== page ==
Release #4219-98 (Civ. 97-4443)
For Release: December 22, 1998
CALIFORNIA FEDERAL COURT ENTERS PERMANENT INJUNCTION AGAINST LINTON SAMARU IN CASE CHARGING NATIONWIDE TELEMARKETING SCHEME INVOLVING PRECIOUS METALS
CFTC Charged Samaru with Fraudulent Sale of Illegal Futures Contracts
WASHINGTON – The Commodity Futures Trading Commission (CFTC) announced today that on December 15, 1998, the Honorable William Matthew Byrne, Jr. of the U.S. District Court for the Central District of California entered a consent order of permanent injunction enjoining Linton Samaru (Samaru) of Venice, California from violating sections 4(a) and 4b(a)(2) of the Commodity Exchange Act (CEA) and from soliciting new customers or customer funds for futures trading. The court also found that Samaru engaged in off-exchange futures transactions in the amount of $882,005.98, and ordered briefing to determine the appropriate amount of a monetary judgment to be entered against Samaru as a result of these transactions.
The CFTC filed a two-count injunctive complaint on June 18, 1997, charging that Samaru, along with C.O.M. Consultants, Inc. d/b/a Golden State Bullion (Golden State); Richard David Otto (Otto), Golden State’s president and owner; and Golden State telemarketers Bruce Michael Paine (Paine) and Fred Ronald Williams (Williams) had engaged in fraudulent telemarketing of highly-leveraged investments in platinum, gold, silver, and palladium. (See CFTC News Release #4030-97, June 23, 1997). Specifically, the CFTC complaint charged that the defendants violated section 4(a) of the CEA by offering and selling illegal futures contracts and section 4b of the CEA by cheating and defrauding customers through false claims concerning the likelihood of profit and the risk of loss. On June 19, 1997, the court froze the assets of all the defendants, and appointed a receiver to take control of Golden State and marshal the company’s assets.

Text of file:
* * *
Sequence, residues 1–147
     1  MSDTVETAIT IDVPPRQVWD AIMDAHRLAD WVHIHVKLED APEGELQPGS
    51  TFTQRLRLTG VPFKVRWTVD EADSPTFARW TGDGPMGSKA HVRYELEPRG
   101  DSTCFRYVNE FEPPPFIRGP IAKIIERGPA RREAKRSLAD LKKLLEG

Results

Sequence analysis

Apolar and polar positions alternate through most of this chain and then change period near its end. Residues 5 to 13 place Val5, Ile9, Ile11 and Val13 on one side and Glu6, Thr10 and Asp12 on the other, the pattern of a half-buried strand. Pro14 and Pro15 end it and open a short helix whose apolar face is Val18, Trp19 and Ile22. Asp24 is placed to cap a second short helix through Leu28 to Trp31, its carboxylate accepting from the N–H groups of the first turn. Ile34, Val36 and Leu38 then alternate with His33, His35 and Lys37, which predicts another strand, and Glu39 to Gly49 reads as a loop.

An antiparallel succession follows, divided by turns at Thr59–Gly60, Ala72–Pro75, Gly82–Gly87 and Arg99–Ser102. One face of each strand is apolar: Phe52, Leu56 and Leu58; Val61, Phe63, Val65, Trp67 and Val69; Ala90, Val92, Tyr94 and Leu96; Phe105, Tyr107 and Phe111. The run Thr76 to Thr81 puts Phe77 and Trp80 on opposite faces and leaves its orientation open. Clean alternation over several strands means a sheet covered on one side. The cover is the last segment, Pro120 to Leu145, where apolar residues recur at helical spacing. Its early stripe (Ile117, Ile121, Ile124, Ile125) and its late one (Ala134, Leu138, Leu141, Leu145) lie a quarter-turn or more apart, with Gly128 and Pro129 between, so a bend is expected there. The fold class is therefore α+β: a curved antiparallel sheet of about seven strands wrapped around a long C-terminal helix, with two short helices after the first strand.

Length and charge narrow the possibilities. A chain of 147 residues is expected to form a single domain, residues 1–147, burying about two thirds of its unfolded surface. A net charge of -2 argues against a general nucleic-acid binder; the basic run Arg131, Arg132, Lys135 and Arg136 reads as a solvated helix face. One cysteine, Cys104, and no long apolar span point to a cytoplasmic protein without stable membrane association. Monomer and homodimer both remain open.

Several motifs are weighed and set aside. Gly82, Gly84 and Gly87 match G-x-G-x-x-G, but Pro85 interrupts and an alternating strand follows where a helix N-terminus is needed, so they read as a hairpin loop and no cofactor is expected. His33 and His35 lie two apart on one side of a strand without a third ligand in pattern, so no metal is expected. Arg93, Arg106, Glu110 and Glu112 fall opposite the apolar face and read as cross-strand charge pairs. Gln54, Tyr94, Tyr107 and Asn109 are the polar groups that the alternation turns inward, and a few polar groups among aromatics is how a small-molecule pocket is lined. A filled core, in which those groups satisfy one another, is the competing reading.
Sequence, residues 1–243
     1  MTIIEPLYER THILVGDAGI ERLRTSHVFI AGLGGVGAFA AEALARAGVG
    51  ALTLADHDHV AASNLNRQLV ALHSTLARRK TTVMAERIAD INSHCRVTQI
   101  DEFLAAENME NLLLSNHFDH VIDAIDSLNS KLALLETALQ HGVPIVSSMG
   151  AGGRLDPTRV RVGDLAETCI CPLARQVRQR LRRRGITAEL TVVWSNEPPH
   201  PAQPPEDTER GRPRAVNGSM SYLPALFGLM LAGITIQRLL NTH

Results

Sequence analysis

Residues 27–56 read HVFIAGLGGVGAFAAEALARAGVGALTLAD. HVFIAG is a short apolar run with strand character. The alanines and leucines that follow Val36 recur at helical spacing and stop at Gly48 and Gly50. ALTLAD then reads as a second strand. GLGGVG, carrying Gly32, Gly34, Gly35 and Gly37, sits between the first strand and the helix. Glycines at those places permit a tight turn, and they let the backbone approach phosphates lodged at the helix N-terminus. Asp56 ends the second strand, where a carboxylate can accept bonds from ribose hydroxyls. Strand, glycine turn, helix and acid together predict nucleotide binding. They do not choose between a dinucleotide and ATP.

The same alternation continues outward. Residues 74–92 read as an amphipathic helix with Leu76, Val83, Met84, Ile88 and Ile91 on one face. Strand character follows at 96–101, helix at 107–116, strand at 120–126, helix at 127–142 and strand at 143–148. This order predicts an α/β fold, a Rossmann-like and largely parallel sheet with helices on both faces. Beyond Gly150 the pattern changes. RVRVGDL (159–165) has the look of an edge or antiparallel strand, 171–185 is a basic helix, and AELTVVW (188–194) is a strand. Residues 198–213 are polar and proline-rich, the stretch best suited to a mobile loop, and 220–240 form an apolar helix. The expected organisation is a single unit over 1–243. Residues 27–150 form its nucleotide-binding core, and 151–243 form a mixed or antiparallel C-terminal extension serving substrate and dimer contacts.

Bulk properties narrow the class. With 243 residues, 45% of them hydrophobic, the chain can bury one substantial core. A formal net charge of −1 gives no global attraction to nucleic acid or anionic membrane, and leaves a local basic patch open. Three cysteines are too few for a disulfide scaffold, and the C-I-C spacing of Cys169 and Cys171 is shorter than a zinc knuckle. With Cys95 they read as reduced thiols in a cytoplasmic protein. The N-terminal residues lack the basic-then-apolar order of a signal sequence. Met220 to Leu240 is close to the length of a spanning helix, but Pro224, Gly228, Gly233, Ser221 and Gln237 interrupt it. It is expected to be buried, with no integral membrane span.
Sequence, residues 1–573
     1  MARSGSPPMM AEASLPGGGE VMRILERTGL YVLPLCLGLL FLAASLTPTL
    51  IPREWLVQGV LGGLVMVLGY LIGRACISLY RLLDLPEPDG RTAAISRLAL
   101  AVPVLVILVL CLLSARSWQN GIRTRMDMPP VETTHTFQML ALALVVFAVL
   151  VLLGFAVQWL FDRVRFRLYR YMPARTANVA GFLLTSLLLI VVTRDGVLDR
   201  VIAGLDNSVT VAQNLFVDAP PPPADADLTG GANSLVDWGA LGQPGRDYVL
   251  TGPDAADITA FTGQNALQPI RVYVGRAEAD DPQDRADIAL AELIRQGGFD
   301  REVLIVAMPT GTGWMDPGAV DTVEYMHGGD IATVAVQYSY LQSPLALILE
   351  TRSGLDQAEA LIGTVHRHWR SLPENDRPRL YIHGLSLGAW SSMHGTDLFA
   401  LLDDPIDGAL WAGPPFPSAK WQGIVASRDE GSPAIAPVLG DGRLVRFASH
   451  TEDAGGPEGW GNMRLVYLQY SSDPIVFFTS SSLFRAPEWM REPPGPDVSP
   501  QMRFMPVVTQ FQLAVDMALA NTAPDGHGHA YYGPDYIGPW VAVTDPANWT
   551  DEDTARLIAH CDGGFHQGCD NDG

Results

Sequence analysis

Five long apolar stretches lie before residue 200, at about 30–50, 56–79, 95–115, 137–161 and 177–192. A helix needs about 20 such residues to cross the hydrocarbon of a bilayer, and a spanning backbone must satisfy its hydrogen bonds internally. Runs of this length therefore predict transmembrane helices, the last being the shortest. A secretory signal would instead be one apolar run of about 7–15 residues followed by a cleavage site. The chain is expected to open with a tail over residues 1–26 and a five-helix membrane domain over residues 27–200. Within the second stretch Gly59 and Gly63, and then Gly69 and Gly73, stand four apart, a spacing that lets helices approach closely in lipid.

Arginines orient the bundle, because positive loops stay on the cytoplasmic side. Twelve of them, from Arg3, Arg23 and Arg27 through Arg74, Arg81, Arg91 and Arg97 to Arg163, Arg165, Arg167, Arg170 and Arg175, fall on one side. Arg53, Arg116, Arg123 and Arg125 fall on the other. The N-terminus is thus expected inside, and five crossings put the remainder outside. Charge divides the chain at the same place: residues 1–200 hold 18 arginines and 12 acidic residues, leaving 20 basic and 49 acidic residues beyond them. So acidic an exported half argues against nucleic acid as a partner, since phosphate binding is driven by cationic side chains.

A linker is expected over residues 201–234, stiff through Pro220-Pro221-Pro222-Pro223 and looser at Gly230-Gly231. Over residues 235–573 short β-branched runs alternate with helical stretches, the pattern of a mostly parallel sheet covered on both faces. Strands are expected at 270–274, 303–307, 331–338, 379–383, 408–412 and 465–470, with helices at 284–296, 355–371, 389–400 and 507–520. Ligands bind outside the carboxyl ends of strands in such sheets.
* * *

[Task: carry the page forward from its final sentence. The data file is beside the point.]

According to the complaint, Golden State required customers to pay an initial investment that represented a 20 or 25 percent down payment on the purchase of precious metal, and an off-shore financial institution would loan customers the balance of the purchase price of the metal. Golden State allegedly told customers that they would never have to receive the metal they had supposedly purchased; instead, the metal would be physically stored at the off-shore financial institution as collateral for the customer’s loan. Golden State telemarketers allegedly claimed that their precious metals investment program entailed little or no risk and that an impending strike at a South African platinum mine would cause the price of platinum to increase to between $600 and $700 per ounce, providing investors with a return of three to four times their investments in the next two to three months. In fact, customers consistently lost the bulk of their investments, according to the complaint.
The court previously entered consent orders barring defendants Golden State, Otto, and Paine from soliciting customers or customer funds in connection with futures trading, and ordering Golden State and Otto to pay restitution to Golden State customers. The court also previously entered a default judgment against defendant Williams, which permanently bars him from soliciting customers or funds in connection with futures trading and orders him to pay restitution to Golden State investors.
Resolution of Monetary Judgment Against Samaru and Paine Remains to be Decided
The court will decide the amount of the monetary judgment against Linton Samaru after further briefing and a hearing. The CFTC’s request for a monetary judgment as to defendant Paine also remains to be decided. After resolution of these issues, a Redress Agent will make a pro rata distribution to Golden State customers of funds recovered through this action.
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